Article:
The title of the second single from 20-year-old Miley Cyrus' fourth album, Bangerz, is "Wrecking Ball." And given the gleeful way she's deliberately dynamited her Disney image over the last few years, I susupected the song would be yet another blunt instrument taking one last demolishing swipe at the vestiges of poor Hannah Montana.
But it's not anything at all like the seedy, boundary-blurring celebration of sex, drugs and hedonism that was Miley's last hit, "We Can't Stop." Instead it's a vulnerable lyrical portrait of a woman lamenting the end of a romantic relationship.
The tune, produced by hitmeister Dr. Luke, has a decidedly rock-tinged flavor to it. Huge guitars frame a melodramatic chorus that wouldn't have sounded a bit out of place in a 1980s-vintage Bon Jovi or Poison ballad. As for the story's narrative, it begins with a torrid, urgent romance: "We clawed, we chained our hearts in vain/We jumped, never asking why/We kissed, I fell under your spell/A love no one could deny."
But somebody gave love a bad name here, as Miley practically begs, "Don't you ever say I just walked away/ … I will always want you." Who's to blame? "I came in like a wrecking ball," we hear, "I never hit so hard in love/All I wanted was to break your walls/All you ever did was break me/Yeah, you wreck me."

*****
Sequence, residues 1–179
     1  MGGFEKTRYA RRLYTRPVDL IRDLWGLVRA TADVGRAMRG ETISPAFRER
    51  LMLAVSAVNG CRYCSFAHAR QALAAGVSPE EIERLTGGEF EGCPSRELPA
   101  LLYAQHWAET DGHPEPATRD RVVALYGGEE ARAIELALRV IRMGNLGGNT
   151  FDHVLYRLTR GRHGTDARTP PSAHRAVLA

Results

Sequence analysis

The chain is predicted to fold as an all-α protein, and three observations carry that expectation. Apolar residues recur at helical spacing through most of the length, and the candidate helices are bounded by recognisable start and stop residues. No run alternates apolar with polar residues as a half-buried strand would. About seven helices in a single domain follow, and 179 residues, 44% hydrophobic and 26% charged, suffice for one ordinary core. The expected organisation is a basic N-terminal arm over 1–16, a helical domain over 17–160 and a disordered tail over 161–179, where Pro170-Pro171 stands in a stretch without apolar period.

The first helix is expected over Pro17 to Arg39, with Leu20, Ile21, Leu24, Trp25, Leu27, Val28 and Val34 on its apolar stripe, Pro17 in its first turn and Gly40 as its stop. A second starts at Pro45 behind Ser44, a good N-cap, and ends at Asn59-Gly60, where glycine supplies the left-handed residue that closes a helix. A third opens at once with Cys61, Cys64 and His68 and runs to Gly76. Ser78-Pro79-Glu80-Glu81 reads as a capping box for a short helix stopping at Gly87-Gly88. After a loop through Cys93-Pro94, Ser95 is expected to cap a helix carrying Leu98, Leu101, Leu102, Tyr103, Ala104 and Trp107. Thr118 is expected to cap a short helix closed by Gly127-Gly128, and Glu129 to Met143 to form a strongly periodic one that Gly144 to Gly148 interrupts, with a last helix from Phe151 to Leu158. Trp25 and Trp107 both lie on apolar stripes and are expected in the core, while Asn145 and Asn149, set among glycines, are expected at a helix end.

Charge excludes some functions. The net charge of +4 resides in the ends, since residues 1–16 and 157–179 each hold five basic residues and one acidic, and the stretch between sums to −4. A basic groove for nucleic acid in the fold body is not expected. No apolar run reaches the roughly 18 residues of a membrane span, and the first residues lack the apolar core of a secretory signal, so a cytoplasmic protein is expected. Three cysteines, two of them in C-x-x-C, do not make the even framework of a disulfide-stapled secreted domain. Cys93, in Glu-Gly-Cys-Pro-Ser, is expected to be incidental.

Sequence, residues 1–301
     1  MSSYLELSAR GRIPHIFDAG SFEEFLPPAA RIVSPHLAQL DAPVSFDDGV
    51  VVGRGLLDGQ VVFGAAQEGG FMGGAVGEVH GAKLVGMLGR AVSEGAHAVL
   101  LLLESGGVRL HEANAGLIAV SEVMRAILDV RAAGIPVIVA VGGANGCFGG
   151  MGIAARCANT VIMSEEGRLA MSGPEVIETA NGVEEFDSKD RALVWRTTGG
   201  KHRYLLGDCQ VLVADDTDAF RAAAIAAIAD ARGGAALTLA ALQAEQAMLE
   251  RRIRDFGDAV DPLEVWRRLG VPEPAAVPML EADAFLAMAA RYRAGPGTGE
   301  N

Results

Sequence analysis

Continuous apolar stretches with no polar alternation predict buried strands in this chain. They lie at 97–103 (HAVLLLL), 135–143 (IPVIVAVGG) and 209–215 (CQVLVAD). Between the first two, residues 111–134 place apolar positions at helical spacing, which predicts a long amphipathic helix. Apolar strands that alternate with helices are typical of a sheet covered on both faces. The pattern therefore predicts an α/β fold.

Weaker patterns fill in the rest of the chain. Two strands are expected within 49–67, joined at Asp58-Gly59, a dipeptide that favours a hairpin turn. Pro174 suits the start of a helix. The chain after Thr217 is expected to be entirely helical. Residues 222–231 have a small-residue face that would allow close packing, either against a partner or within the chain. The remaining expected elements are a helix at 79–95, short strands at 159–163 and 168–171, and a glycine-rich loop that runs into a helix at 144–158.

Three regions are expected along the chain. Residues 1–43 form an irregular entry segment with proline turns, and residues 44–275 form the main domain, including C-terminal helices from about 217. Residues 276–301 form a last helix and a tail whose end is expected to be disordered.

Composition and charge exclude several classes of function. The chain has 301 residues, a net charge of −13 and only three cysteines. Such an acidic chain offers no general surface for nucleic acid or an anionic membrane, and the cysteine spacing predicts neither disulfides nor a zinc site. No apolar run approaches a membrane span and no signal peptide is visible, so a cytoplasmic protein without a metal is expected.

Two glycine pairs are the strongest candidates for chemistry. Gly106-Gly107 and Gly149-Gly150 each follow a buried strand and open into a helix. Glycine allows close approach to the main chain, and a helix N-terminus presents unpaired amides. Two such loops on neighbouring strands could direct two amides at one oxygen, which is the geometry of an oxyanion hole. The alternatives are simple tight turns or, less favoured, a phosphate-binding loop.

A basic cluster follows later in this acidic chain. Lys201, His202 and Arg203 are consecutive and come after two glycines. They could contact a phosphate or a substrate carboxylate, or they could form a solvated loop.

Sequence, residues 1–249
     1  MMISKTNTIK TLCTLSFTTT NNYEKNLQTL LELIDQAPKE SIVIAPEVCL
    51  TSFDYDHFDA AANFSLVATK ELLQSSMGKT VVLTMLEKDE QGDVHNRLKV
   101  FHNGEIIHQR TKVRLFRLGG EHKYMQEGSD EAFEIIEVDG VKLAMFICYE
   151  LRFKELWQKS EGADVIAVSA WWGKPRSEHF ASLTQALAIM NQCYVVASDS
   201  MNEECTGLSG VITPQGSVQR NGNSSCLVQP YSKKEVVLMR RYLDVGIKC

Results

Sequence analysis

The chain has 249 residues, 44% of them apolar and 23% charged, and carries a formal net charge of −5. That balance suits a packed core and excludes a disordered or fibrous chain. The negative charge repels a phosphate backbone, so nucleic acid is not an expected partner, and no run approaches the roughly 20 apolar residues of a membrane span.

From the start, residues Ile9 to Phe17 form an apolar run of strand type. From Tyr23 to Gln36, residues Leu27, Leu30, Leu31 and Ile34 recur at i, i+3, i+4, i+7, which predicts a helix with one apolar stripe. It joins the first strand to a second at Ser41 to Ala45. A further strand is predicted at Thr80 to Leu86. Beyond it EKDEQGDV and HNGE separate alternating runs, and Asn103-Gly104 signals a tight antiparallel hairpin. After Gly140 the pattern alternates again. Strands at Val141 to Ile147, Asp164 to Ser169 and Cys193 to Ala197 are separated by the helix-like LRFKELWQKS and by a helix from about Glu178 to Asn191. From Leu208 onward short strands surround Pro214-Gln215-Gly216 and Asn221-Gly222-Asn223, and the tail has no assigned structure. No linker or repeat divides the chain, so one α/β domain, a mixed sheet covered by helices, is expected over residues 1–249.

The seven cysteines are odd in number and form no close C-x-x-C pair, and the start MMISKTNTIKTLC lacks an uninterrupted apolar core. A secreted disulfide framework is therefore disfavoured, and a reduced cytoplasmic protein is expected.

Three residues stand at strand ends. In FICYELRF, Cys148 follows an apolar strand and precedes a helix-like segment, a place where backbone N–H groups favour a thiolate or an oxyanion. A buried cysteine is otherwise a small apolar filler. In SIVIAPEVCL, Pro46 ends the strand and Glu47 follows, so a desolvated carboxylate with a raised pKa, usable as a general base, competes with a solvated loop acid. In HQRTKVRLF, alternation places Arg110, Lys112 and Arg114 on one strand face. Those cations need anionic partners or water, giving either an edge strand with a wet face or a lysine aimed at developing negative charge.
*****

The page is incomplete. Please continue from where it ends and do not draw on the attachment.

More metaphors include, "I put you high up in the sky/And now you're not coming down/It slowly turned, you let me burn/And now we're ashes on the ground." But the predominant emotion in this pain-saturated pondering isn't anger. Instead, it's mournful regret: "I never meant to start a war/I just wanted you to let me in." Only too late does it dawn on Miley that a gentler approach to overcoming relational barriers likely would have worked better: "And instead of using force/I guess I should've let you in."
"Wrecking Ball" arcs through walls of achingly demolished dreams about what could have been. And while it voices only romantic regrets, it triggered for me another response. I wondered whether Miley Cyrus will someday have similar pangs of remorse over the way she's taken a wrecking ball to her good-girl/role-model image. Because like the romance in this song, it's in ashes on the ground now as well.
Music Video Update: If the song "Wrecking Ball" is poignantly understated, its video is anything but. It begins with a close-up on Miley's face as she sings and sheds a few tears. Then we watch Miley, who's wearing a cropped, curve-hugging tank top and white bikini briefs, as she paces a small, cinderblock room with a sledgehammer—which she kisses and licks suggestively. Soon a wrecking ball begins smashing walls. And Miley ends up riding it … completely naked. Strategic camera shots and arm placements keep us from quite seeing the most critical bits of her anatomy. But the video puts all the rest of her boots-clad body on full display. Predictably, it garnered nearly 20 million views in its first 24 hours and almost 150 million in its first couple of weeks on YouTube.
Miley says fans should look past the provocative imagery and realize that her nudity is meant to represent emotional vulnerability: "If people can take their minds off the obvious and go into their imagination and see what the video really means, it is so vulnerable. … If you look at my eyes, I look more sad than actually my voice sounds on the record. It was a lot harder to actually do the video than it was to even record the song. It was much more of an emotional experience."
She and her producers know, of course, that emotional vulnerability alone doesn't smash records. Riding naked on a wrecking ball does.